By the 1930s, macarons were served in two’s with the addition of jams, liqueurs, and spices. Since then macarons have evolved from a humble almond cookie to a versatile treat, coming in a variety of colours and flavours; alluring both to the taste buds, the experimenters’ kitchen as well as the creative mind. Towards the 21st century, confectioners started offering macarons with a difference in flavor between filling and cookie, in both savoury (Basil mint or Thai curry) and sweet styles. Little wonder that there are two days devoted to macarons with Macaron Day (March 20th) and National Macaroon Day ( May 31st) being celebrated across the world. Explore this little treat to enter another world of desserts, more than sandwich cookies, little delights both flavour some and edible art.

 

Posted in Daily, Food, Stories Around the World

Of Origin and Evolution…”Soufflé”

“You can’t make a souffle rise twice.” Alice Roosevelt Longworth

One of the main dishes that declares one’s success in the kitchen is the “souffle'”. Although records have traced its’ appearance to the early eighteenth century in France, soufflés may have been around ever since flour, milk, eggs and butter have been whipped up into different concoctions to please the palate. Essentially a soufflé is a baked egg-based dish made with egg yolks and beaten egg whites combined with various other ingredients and served as a savory main dish or sweetened as a dessert. “Soufflé” is the past participle of the French verb souffler which means “to blow”, “to breathe”, “to inflate” or “to puff”.

 

While, few food historians state that the first appearance is by the French master cook Vincent de la Chappelle in the early 1700s; the popularization of souffle perfected to an art was credited to the French chef, Marie-Antoine Carême, who was “a product of post-revolutionary Paris.” As per Antoine Beauvilliers, who is credited with the “first grand restaurant of Paris, had described the soufflé in “The Art of the Cook” (L’Art du Cuisinier, 1814) as,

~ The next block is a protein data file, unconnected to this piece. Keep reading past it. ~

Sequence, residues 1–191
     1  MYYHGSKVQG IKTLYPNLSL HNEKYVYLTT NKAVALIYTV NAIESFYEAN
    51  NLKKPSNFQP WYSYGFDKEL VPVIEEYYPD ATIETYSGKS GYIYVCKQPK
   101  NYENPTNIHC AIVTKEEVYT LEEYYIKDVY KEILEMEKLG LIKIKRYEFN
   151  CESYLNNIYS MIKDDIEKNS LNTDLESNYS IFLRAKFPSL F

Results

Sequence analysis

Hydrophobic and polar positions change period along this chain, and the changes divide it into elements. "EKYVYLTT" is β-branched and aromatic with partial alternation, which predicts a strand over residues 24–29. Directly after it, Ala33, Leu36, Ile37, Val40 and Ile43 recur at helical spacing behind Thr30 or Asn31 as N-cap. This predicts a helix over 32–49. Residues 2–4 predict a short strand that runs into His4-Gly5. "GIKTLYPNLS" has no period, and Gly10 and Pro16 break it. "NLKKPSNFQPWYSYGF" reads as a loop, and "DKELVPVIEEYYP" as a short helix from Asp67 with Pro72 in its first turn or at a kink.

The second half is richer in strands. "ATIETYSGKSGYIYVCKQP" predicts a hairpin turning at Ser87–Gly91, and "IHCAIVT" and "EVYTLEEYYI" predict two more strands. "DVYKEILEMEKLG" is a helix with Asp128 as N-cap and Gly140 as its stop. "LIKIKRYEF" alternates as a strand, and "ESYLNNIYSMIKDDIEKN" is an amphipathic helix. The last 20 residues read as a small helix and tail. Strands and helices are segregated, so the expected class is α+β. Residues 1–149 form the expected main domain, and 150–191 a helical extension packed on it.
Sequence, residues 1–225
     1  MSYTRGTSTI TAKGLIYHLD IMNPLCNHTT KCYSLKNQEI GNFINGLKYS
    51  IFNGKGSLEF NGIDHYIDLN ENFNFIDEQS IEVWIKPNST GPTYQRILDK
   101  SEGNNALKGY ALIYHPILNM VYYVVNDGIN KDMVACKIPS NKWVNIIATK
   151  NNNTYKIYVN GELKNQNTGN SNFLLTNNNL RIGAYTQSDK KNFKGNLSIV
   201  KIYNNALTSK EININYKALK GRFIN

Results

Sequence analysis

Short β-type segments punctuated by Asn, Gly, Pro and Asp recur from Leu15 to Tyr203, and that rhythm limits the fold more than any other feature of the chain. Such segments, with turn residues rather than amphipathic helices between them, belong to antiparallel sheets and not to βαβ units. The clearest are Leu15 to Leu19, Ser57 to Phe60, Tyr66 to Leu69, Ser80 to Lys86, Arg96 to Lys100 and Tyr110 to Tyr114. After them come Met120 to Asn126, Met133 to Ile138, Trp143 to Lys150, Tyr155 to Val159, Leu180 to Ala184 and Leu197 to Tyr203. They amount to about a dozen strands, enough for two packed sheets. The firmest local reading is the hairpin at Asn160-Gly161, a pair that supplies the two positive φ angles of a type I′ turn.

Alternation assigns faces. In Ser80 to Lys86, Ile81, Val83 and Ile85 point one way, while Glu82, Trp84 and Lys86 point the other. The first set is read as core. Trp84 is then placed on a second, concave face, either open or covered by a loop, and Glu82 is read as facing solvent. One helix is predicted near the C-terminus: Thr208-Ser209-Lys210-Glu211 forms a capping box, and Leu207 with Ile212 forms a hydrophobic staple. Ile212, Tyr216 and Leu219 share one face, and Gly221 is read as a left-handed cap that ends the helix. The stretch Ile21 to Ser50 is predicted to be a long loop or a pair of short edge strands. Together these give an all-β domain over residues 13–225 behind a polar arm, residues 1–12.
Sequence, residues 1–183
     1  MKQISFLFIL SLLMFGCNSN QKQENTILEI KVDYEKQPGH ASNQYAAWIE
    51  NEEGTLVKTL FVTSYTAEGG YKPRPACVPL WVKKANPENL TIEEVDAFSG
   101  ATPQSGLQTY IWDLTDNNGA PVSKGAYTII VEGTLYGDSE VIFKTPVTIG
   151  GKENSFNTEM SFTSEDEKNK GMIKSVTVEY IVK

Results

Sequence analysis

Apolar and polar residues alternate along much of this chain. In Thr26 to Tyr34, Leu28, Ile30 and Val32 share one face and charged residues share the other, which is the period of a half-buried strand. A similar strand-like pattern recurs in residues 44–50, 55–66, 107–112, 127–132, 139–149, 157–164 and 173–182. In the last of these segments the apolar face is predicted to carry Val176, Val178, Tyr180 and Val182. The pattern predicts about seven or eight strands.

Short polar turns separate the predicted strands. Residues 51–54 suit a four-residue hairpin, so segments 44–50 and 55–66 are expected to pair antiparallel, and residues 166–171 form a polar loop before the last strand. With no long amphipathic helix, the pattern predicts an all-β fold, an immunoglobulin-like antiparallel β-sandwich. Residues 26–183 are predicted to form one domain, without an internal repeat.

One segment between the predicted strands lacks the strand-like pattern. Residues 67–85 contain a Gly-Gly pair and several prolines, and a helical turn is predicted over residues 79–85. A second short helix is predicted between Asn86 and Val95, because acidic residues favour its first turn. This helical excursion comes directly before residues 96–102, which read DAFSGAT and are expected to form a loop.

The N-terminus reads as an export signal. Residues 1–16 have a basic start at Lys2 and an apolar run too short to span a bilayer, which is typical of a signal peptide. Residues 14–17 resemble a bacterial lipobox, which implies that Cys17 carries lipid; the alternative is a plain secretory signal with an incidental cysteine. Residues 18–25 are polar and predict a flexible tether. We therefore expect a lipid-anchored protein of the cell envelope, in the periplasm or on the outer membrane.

“Put in the size of an egg of good butter, a little nutmeg and the yolks of four fresh eggs, the white of which must be whipped apart as for biscuit; mix them by little and little into the puree though hot, mix all well, and pour it into a silver dish or paper mould, put it in the oven. When the soufflé is well risen, touch it lightly, if it resist a little it is enough; it must be served immediately, as it is apt to fall.”

Baked in individual ramekins or typical dishes, soufflés are typically prepared from two basic components; the base as a flavored crème pâtissière, cream sauce (or béchamel) or a purée and the egg whites beaten to a soft peak. While the base provides the flavor, the egg whites provide the “lift” or puffiness to the dish. The base can be flavored with varied ingredients including herbs, cheese and vegetables for savory varieties or jam, fruits, berries,chocolate, banana or lemons and the like, for dessert soufflés. In fact, the savory soufflés can incorporate poultry, bacon, ham or seafood for a more substantial dish.

“The only thing that will make a souffle fall is if it knows you’re afraid of it.” James Beard

 

One of the main defaults while preparing a souffle’ is when it fails to rise. Yet as most chefs will say, one thing to keep in mind in soufflé preparation is that it really doesn’t matter how high the bubbly mixture poufs up while it bakes as long as the ingredients hidden inside should taste heavenly and cloud-like.

“If a dish doesn’t turn out right, change the name and don’t bat an eyelid. A fallen souffle is only a risen omelette. It depends on the self-confidence with which you present it.” Lionel Blue

For avid movie watchers as well as fans of the movies of the black and white era, one may have seen “Sabrina”, the 1954 film starring Audrey Hepburn. One of the scenes is where Hepburn is humiliated at the Parisian culinary school when the master chef humiliates her (and almost everyone) and critiqued their failed efforts at soufflé from “Too low; too high; too heavy; sloppy”. Hepburn sighs to her French baron friend (whose soufflé is perfect) “I don’t know what happened.”
He explains to her that she forgot to turn on her oven. “Your mind has not been on the cooking,” he says. “It has been elsewhere. A woman happy in love, she burns the soufflé. A woman unhappy in love she forgets to turn on the oven.”

While “the fallen soufflés” may be depicted in cartoons, comedies and children’s programs as a source of humor; the process of making it will be easy and fun if one learns to proportionate the ingredients and time the baking right. As they always say “Practice makes perfect”, trying a souffle’ for the National Cheese Souffle’ (May 18th) or Chocolate Souffle’ (February 28th) Day would be a first step towards mastering this art. If not to master, then at least experimenting to make one can result in some “kitchen fun” and good use of leftovers; or simple have and enjoy the “heavenly and light as air” experience.